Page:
Researchers from the University of California, Berkeley UC link existence of oceans early in Mars history to the rise of the solar system’s largest volcanic system, Tharsis and highlight the key role played by global warming in allowing liquid water to exist on Mars.
In a new study, the team suggests that the oceans formed several hundred million years earlier and were not as deep as once thought.
“Volcanoes may be important in creating the conditions for Mars to be wet,” said Michael Manga, a UC Berkeley professor of earth and planetary science and senior author of a paper.
The new model proposes that the oceans formed before or at the same time as Mars’ largest volcanic feature, Tharsis, instead of after Tharsis formed 3.7 billion years ago. The absence of crustal deformation from Tharsis means the seas would have been shallower, holding about half the water of earlier estimates.
“The assumption was that Tharsis formed quickly and early, rather than gradually, and that the oceans came later,” Michael Manga, professor of earth and planetary science at Berkeley said. “We’re saying that the oceans predate and accompany the lava outpourings that made Tharsis.”
The model also counters another argument against oceans: that the proposed shorelines are very irregular, varying in height by as much as a kilometer, when they should be level, like shorelines on Earth.
This irregularity could be explained if the first ocean, called Arabia, started forming about 4 billion years ago and existed, if intermittently, during as much as the first 20 percent of Tharsis’s growth. The growing volcano would have depressed the land and deformed the shoreline over time, which could explain the irregular heights of the Arabia shoreline.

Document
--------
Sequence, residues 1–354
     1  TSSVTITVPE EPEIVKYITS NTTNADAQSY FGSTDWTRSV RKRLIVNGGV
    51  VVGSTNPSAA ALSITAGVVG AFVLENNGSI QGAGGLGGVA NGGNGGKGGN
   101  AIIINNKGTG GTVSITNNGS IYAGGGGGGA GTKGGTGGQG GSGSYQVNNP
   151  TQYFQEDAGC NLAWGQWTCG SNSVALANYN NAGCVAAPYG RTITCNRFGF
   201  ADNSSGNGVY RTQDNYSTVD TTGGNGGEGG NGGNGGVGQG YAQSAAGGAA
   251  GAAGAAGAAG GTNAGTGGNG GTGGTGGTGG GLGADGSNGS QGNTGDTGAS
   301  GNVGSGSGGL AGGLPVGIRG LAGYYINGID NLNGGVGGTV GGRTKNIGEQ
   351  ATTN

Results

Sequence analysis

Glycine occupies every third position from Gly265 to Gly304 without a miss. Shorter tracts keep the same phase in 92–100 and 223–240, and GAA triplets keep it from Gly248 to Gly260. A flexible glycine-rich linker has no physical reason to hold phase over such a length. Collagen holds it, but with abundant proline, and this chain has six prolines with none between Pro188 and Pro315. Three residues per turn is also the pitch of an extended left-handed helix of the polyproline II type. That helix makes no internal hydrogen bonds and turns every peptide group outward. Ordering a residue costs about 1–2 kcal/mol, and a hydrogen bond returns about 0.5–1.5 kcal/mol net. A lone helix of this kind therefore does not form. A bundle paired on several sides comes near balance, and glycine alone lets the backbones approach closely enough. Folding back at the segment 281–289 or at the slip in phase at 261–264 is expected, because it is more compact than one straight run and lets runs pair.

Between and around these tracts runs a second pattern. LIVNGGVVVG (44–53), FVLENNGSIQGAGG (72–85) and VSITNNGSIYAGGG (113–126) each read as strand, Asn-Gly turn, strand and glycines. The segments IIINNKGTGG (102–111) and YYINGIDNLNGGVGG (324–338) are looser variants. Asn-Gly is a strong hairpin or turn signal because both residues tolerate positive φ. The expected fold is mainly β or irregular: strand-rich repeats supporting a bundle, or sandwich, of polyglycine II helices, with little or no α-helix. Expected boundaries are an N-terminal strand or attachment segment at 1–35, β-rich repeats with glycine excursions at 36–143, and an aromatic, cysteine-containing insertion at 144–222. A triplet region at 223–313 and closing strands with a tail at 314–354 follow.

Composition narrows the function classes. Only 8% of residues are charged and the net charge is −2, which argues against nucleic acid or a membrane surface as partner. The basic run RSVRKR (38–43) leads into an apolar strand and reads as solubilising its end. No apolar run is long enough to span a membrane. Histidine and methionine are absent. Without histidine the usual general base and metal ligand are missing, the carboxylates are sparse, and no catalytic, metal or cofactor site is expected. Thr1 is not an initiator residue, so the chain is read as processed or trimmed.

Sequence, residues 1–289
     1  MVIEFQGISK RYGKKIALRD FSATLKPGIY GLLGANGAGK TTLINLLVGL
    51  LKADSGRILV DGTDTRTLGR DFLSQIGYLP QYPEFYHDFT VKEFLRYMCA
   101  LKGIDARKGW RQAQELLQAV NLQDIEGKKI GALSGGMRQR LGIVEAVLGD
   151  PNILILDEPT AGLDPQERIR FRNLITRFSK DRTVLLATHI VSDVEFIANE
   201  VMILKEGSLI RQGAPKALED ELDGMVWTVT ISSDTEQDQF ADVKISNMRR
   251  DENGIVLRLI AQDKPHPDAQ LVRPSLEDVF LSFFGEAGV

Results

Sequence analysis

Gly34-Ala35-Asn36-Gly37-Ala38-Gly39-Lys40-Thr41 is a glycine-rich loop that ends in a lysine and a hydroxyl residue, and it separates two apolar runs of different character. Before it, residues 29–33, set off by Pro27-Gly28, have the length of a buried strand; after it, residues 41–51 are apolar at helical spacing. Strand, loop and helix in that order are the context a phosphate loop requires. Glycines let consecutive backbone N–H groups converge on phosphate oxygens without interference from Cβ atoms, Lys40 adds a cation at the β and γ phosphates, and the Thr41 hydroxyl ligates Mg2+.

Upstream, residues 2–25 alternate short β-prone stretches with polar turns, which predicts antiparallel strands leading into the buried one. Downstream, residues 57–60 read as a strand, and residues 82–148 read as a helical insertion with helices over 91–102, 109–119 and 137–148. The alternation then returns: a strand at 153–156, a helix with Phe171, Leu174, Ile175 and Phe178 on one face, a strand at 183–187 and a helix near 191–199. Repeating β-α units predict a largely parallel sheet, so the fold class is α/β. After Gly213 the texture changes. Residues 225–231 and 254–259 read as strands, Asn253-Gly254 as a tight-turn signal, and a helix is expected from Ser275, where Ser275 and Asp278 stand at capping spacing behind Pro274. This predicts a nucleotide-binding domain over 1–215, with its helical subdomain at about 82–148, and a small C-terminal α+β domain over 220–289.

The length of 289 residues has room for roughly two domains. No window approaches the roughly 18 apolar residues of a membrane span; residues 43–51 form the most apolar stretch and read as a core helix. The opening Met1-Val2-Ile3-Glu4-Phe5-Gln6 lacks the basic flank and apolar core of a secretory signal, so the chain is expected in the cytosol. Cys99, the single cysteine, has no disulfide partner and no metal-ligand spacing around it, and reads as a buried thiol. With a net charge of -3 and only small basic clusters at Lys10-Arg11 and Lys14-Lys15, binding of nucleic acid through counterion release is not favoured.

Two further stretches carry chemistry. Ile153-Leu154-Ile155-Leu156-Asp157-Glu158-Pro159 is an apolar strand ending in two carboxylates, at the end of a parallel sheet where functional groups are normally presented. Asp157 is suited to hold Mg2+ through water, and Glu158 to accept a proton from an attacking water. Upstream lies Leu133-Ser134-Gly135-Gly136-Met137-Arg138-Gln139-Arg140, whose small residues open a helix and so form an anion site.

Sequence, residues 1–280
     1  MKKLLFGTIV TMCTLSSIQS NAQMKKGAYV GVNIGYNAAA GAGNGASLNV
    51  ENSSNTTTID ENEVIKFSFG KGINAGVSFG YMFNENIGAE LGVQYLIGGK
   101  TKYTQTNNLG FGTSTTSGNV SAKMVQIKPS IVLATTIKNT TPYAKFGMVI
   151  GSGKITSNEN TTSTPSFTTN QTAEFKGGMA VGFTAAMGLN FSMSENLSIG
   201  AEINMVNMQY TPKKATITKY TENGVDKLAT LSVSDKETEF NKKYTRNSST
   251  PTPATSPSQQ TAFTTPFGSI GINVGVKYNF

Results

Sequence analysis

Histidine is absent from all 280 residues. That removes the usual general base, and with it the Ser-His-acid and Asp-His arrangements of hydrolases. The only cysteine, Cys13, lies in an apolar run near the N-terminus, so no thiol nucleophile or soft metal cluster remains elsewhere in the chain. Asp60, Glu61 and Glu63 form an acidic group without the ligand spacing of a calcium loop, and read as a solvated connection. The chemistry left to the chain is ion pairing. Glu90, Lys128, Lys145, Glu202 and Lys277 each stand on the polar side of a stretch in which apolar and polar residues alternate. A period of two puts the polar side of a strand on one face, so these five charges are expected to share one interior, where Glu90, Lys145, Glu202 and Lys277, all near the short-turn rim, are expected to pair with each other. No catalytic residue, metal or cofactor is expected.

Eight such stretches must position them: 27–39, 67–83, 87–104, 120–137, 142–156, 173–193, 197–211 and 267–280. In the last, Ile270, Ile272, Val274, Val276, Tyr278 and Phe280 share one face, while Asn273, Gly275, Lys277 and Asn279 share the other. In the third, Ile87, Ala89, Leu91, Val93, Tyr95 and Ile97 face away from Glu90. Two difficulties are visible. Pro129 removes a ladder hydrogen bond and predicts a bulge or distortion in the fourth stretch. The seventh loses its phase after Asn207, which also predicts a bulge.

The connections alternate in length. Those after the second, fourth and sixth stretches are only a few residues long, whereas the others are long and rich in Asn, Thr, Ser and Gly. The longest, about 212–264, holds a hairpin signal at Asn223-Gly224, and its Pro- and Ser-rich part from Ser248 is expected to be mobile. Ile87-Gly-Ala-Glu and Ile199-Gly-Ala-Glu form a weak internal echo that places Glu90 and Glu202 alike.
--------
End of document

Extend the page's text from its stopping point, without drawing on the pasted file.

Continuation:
Similarly, the irregular shoreline of a subsequent ocean, called Deuteronilus, could be explained if it formed during the last 17 percent of Tharsis’s growth, about 3.6 billion years ago.
“These shorelines could have been emplaced by a large body of liquid water that existed before and during the emplacement of Tharsis, instead of afterwards,” said first author Robert Citron, a UC Berkeley graduate student. Citron will present a paper about the new analysis on March 20 at the annual Lunar and Planetary Science conference in Texas.
Tharsis, now a 5,000-kilometer-wide eruptive complex, contains some of the biggest volcanoes in the solar system and dominates the topography of Mars. Earth, twice the diameter and 10 times more massive than Mars, has no equivalent dominating feature. Tharsis’s bulk creates a bulge on the opposite side of the planet and a depression halfway between. This explains why estimates of the volume of water the northern plains could hold based on today’s topography are twice what the new study estimates based on the topography 4 billion years ago.
“This is a hypothesis,” Manga emphasized. “But scientists can do more precise dating of Tharsis and the shorelines to see if it holds up.”